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District officials meet with the teachers union. The goal is to shift funds to give more to teachers.
By JEFFREY S. SOLOCHEK, Times Staff Writer
© St. Petersburg Times
published February 4, 2003
BROOKSVILLE -- Representatives of Hernando County's public school system and teachers union sat down Monday to start sorting budget priorities for fiscal 2004.
The goal, they said, was to see whether the school district can rearrange its spending plan so that more money can go into salaries. Superintendent Wendy Tellone called for such discussions last fall, after watching the two sides battle over scraps in fractious negotiations.
They agreed on raises averaging 5.3 percent in November, but only after the teachers declared an impasse in talks and mediation had begun.
"I just really believe in open communication," Tellone, who did not attend the session, said on Monday. "Lay it out on the table and let everybody see everything. ... I just think we will accomplish more."
Edd Poore, the district's lead negotiator, opened the meeting by stating that many items might come up during the review that the teachers, administration or School Board might not support. But the only way to determine how much might be funneled into pay raises is to hash over every idea, he said.
"Our goal is to try to find areas where we do agree we could take the money and put it into salaries," Poore said.
Sandra LaGarde, deputy director of the Hernando teachers union, said she hoped an honest exchange of detailed information should help the parties determine what can be done. She asked the group whether they should look toward setting a five-year salary goal, based on the best indicators and trends available.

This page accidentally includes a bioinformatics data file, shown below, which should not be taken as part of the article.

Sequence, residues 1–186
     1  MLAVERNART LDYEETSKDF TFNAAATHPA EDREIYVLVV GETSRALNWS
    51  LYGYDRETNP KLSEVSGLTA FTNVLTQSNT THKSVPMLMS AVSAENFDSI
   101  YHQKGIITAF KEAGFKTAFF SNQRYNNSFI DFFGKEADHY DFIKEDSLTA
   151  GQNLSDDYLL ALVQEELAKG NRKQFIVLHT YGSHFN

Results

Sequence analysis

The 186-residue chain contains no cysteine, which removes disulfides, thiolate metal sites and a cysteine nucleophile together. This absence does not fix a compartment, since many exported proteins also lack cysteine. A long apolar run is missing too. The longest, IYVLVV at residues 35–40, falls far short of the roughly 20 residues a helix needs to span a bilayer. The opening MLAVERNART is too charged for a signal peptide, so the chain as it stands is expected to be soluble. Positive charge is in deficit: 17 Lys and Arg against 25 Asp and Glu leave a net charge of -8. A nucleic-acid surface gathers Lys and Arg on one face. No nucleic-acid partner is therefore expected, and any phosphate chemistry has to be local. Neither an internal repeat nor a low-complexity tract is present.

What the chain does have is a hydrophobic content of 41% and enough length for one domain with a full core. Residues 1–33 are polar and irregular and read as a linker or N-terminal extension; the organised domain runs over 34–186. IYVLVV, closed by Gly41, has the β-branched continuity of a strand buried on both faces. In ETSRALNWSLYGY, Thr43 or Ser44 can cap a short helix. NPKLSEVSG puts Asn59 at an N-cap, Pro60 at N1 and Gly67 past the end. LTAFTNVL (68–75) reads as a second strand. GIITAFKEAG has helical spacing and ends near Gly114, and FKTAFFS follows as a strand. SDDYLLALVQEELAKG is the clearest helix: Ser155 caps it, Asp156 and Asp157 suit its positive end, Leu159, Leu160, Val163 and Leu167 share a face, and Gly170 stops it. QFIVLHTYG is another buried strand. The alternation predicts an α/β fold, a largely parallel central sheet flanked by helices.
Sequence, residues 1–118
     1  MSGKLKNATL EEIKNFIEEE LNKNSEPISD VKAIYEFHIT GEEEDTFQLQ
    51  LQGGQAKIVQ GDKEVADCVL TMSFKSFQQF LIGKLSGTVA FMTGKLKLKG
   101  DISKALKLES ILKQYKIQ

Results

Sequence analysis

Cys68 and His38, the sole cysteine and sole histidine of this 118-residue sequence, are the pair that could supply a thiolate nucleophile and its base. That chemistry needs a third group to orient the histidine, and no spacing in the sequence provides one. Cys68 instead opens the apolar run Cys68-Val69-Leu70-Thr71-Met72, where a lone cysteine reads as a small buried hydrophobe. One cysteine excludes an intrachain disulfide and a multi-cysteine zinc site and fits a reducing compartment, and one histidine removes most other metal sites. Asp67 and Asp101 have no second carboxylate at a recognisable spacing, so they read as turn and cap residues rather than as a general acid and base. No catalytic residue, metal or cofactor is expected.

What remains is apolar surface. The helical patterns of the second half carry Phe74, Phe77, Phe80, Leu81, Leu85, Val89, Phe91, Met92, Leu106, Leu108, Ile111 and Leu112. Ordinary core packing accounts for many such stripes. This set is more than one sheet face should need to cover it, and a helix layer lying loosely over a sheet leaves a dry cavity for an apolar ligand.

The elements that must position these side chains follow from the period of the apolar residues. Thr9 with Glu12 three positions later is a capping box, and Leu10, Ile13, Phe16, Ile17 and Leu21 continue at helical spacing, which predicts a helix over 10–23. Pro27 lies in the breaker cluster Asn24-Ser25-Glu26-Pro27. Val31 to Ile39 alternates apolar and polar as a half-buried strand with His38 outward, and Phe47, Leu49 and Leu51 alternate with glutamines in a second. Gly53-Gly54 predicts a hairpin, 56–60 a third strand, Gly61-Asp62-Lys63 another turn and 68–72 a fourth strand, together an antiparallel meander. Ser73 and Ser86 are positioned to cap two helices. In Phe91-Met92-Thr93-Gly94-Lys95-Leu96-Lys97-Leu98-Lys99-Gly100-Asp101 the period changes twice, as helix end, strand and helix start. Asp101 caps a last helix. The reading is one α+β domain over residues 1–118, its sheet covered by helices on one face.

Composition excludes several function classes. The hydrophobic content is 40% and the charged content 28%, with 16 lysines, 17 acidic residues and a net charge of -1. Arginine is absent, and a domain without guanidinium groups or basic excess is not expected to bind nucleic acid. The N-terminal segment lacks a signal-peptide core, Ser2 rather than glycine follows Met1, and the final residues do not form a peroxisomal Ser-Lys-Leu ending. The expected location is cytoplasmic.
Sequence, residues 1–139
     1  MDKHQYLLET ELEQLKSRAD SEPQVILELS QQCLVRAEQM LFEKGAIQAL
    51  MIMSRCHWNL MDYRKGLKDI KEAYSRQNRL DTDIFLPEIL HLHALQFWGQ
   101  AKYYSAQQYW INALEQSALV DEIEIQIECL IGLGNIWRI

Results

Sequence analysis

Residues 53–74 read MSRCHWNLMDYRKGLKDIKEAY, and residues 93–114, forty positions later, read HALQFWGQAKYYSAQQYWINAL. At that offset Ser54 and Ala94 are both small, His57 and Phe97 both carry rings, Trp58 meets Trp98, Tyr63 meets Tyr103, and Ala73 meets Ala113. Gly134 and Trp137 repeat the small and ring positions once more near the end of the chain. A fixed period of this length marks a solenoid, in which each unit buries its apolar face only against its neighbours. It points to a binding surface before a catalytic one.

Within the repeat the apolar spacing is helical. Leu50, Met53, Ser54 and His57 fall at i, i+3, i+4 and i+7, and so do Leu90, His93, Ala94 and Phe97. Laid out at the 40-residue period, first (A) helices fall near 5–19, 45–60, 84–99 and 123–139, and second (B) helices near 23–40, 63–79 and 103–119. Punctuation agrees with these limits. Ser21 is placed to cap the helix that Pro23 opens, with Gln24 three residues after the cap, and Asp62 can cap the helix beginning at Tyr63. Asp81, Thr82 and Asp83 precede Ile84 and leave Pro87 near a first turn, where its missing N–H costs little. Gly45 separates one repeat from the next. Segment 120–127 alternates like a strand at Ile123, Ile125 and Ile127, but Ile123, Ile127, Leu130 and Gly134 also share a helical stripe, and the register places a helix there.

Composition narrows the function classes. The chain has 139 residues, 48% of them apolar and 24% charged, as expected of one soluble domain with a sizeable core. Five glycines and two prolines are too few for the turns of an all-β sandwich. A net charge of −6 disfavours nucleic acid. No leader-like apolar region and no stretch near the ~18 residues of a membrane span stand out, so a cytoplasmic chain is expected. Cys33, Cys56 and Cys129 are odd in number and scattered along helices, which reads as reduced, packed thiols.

"We haven't gotten enough information to know what is realistic," LaGarde observed. "But we certainly want to keep moving."
In some instances, the teams agreed, the end result might come down to changing perceptions.
When teachers get duty-free lunch, for example, someone else gets paid to monitor the cafeteria, finance director Carol MacLeod observed. If teachers are willing to take on some of that responsibility, for one, the money spent on monitors could go into salaries, MacLeod offered.
Others offered similar tradeoffs that might be made.
"Our folks need to know what is their priority," LaGarde said.
Springstead High School teacher James Bush, a union representative, said he would go line by line through the district budget in search of opportunities to shift money. A former budget planner in South Carolina, Bush had no shortage of ideas himself, such as possibly hiring teachers of limited experience to keep salaries down.
At this early stage of the review, though, the most important thing he wanted to know from the administration was whether the district had any "sacred cows" to be avoided.
"One of the things I don't want to see this district do is cut personnel to put money into salaries," Poore responded.
Chocachatti Elementary School principal Michael Tellone, a member of the administration team, said he did not want anyone to lose sight of "what is best for the kids" as they talk terms.
On that point, everyone agreed. The sides plan to meet again on Feb. 24. MacLeod said she hoped by then to have better indications from Tallahassee what kind of revenue the district might expect next year.
-- Jeffrey S. Solochek covers education in Hernando County and can be reached at 754-6115. Send e-mail to firstname.lastname@example.org .